A charge pump is a kind of DC to DC converter that uses capacitors as energy storage elements to create either a higher or lower voltage power source. Charge pump circuits are capable of high efficiencies, sometimes as high as 90–95% while being electrically simple circuits.
Charge pumps use some form of switching device(s) to control the connection of voltages to the capacitor. For instance, a two-stage cycle can be used to generate a higher pulsed voltage from a lower-voltage supply. In the first stage of the cycle, a capacitor is connected across the supply, charging it to that same voltage. In the second stage of the cycle, the circuit is reconfigured so that the capacitor is in series with the supply to the load. Ignoring leakage effects, this effectively provides double the supply voltage to the load (the sum of the original supply and the capacitor). The pulsing nature of the higher voltage output is typically smoothed by the use of an output capacitor.
An external or secondary circuit drives the switching, typically at tens of kilohertz up to several megahertz. The high frequency minimizes the amount of capacitance required as less charge needs to be stored and dumped in a shorter cycle. The capacitor used as the charge pump is typically known as the "flying capacitor".
Another way to explain the operation of a charge pump is to consider it as the combination of a DC to AC converter (the switches) followed by a voltage multiplier.
The voltage is load-dependent; higher loads result in lower average voltages.
Charge pumps can double voltages, triple voltages, halve voltages, invert voltages, fractionally multiply or scale voltages such as x3/2, x4/3, x2/3, etc. and generate arbitrary voltages, depending on the controller and circuit topology.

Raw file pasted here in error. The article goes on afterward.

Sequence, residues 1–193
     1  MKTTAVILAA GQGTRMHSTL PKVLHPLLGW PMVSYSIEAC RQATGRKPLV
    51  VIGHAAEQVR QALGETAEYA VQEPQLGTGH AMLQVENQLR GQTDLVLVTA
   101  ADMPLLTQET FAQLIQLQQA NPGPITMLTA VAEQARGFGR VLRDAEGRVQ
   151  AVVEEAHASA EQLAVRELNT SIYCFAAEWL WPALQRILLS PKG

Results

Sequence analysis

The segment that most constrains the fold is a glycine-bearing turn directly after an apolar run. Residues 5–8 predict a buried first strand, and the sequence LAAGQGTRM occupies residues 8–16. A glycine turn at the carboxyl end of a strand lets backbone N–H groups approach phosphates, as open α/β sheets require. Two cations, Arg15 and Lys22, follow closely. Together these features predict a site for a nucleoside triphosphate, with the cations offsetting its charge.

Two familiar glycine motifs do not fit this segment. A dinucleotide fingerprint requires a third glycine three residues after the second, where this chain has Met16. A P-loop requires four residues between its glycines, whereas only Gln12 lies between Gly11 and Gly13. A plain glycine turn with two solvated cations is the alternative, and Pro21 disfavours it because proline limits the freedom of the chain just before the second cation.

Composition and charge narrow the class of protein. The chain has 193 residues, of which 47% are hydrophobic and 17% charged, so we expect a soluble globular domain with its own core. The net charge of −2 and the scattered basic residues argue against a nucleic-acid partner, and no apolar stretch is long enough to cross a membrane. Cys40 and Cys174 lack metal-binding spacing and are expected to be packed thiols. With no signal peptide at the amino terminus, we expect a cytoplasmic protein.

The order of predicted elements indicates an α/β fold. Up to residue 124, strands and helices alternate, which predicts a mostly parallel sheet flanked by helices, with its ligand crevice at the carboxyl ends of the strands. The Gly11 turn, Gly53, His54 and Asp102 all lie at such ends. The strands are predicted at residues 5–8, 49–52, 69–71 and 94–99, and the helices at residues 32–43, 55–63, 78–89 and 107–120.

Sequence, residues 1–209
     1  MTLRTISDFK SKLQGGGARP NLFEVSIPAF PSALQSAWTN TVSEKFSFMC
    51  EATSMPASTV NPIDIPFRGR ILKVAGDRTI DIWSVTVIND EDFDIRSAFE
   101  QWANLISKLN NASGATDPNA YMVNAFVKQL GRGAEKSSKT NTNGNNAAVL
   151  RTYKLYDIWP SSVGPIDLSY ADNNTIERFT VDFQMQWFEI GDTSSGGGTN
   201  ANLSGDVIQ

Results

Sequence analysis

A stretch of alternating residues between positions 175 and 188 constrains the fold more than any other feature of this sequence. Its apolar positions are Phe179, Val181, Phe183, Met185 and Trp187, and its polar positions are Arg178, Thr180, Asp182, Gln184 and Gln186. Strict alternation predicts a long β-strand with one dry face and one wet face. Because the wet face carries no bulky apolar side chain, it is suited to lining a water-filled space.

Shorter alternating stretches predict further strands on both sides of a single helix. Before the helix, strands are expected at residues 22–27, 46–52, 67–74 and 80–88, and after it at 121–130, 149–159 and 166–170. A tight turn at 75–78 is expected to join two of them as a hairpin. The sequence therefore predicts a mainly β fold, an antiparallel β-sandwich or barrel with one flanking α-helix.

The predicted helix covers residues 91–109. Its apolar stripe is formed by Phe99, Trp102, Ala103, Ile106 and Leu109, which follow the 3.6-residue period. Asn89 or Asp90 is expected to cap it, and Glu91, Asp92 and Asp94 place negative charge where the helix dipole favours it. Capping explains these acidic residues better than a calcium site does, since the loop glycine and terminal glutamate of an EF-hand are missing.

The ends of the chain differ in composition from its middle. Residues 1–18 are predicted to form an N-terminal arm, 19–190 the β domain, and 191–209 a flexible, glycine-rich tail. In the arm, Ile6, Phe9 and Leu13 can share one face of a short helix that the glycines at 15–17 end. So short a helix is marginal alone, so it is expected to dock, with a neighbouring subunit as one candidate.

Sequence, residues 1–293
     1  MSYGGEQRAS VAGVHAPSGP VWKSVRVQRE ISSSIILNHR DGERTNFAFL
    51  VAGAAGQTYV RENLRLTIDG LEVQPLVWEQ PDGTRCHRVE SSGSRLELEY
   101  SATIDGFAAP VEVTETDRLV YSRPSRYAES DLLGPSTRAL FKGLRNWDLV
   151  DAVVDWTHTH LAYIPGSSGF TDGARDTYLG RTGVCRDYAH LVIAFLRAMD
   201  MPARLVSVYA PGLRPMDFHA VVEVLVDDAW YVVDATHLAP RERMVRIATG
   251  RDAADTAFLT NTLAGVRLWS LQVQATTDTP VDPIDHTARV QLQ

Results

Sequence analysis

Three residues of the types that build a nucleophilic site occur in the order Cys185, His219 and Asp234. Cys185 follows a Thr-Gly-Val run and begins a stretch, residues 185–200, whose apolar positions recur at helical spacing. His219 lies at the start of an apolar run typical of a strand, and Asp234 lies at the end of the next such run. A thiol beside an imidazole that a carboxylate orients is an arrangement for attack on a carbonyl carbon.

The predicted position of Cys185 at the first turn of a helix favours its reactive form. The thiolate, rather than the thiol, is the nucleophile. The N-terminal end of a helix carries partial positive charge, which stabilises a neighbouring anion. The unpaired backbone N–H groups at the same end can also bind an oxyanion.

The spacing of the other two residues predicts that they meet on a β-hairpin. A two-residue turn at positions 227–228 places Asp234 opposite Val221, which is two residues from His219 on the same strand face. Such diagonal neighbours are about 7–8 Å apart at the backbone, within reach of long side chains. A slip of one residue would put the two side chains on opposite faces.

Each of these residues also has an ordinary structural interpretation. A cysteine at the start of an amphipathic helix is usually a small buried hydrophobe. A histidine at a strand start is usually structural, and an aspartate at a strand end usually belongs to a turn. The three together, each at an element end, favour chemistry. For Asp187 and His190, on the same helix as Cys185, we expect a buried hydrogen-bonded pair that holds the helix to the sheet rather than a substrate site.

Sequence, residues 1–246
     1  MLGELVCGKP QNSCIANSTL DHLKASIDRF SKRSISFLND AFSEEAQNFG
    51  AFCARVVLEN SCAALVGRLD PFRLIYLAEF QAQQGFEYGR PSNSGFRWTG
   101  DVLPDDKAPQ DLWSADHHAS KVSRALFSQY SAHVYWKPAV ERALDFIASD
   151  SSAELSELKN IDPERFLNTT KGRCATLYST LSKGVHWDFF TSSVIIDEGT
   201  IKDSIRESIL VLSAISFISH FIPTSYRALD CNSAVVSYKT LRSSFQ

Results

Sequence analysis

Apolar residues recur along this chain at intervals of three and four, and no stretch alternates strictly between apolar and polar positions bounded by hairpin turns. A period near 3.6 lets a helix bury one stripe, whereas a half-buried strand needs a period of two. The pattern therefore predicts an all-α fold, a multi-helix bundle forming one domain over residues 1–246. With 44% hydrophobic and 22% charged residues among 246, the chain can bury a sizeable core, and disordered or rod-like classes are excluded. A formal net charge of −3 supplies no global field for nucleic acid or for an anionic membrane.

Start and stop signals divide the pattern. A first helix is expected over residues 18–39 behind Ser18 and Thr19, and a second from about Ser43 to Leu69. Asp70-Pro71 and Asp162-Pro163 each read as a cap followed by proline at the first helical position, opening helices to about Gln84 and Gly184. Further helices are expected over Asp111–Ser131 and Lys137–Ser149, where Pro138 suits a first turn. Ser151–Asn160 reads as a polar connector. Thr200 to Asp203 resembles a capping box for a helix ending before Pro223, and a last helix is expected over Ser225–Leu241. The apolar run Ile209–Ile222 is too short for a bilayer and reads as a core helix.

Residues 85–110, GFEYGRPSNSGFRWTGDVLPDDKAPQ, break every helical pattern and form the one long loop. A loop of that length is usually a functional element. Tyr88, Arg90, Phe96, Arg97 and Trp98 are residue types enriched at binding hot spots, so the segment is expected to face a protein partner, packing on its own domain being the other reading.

The term 'charge pump' is also used in phase-locked loop (PLL) circuits. This is a completely different application. In a PLL the phase difference between the reference signal (often from a crystal oscillator) and the output signal is translated into two signals – UP and DN. The two signals control switches to steer current into or out of a capacitor, causing the voltage across the capacitor to increase or decrease. In each cycle, the time during which the switch is turned on is proportional to the phase difference, hence the charge delivered is dependent on the phase difference also. The voltage on the capacitor is used to tune a voltage-controlled oscillator (VCO), generating the desired output signal frequency. The use of a charge pump naturally adds a pole at the origin in the loop transfer function of the PLL, since the charge-pump current is driven into a capacitor to generate a voltage (V=I/(sC)). The additional pole at the origin is desirable because when considering the closed-loop transfer function of the PLL, this pole at the origin integrates the error signal and causes the system to track the input with one more order. The charge pump in a PLL design is constructed in integrated-circuit (IC) technology, consisting of pull-up, pull-down transistors and on-chip capacitors. A resistor is also added to stabilize the closed-loop PLL.
Read more about Charge Pump: Applications
Famous quotes containing the words charge and/or pump:
“Today I love myself as I love my god: who could charge me with a sin today? I know only sins against my god; but who knows my god?”
—Friedrich Nietzsche (18441900)
“God primes the pump of obligation.”
—A.P. Martinich (b. 1946)